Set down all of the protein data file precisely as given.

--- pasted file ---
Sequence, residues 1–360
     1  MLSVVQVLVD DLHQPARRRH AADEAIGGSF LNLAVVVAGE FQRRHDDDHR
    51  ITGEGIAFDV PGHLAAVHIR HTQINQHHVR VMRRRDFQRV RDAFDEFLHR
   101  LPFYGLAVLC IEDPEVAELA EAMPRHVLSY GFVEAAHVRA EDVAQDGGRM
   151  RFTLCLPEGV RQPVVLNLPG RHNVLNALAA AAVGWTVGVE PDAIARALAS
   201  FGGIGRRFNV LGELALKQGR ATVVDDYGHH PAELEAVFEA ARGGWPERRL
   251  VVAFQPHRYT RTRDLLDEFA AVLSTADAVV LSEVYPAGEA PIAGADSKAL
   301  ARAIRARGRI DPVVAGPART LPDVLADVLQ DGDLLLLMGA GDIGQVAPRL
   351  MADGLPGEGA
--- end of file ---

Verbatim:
Sequence, residues 1–360
     1  MLSVVQVLVD DLHQPARRRH AADEAIGGSF LNLAVVVAGE FQRRHDDDHR
    51  ITGEGIAFDV PGHLAAVHIR HTQINQHHVR VMRRRDFQRV RDAFDEFLHR
   101  LPFYGLAVLC IEDPEVAELA EAMPRHVLSY GFVEAAHVRA EDVAQDGGRM
   151  RFTLCLPEGV RQPVVLNLPG RHNVLNALAA AAVGWTVGVE PDAIARALAS
   201  FGGIGRRFNV LGELALKQGR ATVVDDYGHH PAELEAVFEA ARGGWPERRL
   251  VVAFQPHRYT RTRDLLDEFA AVLSTADAVV LSEVYPAGEA PIAGADSKAL
   301  ARAIRARGRI DPVVAGPART LPDVLADVLQ DGDLLLLMGA GDIGQVAPRL
   351  MADGLPGEGA